I sat next to a woman on my flight to New York City a few weeks ago who was heading up there to see the Allman Brothers final show before the band breaks up forever. She was going by herself, treating herself to a nice hotel and getaway, and I would later learn that she went through a divorce this year from a man she’d been married to for 40 years, since she was 18. It was difficult for her to talk about although she shared quite a bit, but we switched subjects a few times, which led me to learn that she’s also a prize winning skeet shooter (I don’t even know if that’s the legit name for that… apologies if it’s not!) I asked her what the secret was for being the best. She said, “You can’t focus on shooting 100 (which is a perfect score). If I go up there and think ‘I’m going to shoot 100. I have to shoot 100.’ I’ll shoot 95 every time.”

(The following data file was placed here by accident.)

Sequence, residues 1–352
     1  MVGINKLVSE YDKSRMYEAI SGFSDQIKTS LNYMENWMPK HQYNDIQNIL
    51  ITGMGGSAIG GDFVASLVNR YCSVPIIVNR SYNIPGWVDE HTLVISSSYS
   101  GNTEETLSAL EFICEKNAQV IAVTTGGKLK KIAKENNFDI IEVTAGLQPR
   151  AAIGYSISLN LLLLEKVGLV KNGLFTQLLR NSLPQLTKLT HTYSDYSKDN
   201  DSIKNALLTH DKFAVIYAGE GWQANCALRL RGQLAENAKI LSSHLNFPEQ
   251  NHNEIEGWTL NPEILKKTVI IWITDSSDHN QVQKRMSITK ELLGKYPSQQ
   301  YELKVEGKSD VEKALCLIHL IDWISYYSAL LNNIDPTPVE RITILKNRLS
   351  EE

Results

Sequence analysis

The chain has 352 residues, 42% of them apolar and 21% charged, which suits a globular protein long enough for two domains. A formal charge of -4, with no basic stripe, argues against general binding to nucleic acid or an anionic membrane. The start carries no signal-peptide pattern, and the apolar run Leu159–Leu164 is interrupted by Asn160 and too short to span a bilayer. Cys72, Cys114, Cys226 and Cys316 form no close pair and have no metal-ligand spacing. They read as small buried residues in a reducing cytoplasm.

“You have to think about something else,” she said, “and not make the perfect score and the technique the main thing. You have to make something else the main thing.” So, she listens to classic rock while she shoots, which relaxes her and makes her happy, and then she pulls that trigger and goes home with blue ribbons (or whatever prize winning gunwomen are awarded these days).
I look at this photo, which is from a wedding I photographed last month at Ellis Ranch in Loveland, CO, and I feel similarly to my new plane buddy. I have been trying to find my right rhythm for taking shots like this since last summer, when I photographed a wedding with my pal Shea in Florida. She got all these amazing reception shots with streaky lights and people having the time of their lives! And I know there are techniques and settings I need to master in order to make these happen more often, but I got this one. (& I LOVE it)
And I wasn’t trying to focus on shooting 100, which makes me love it even more :)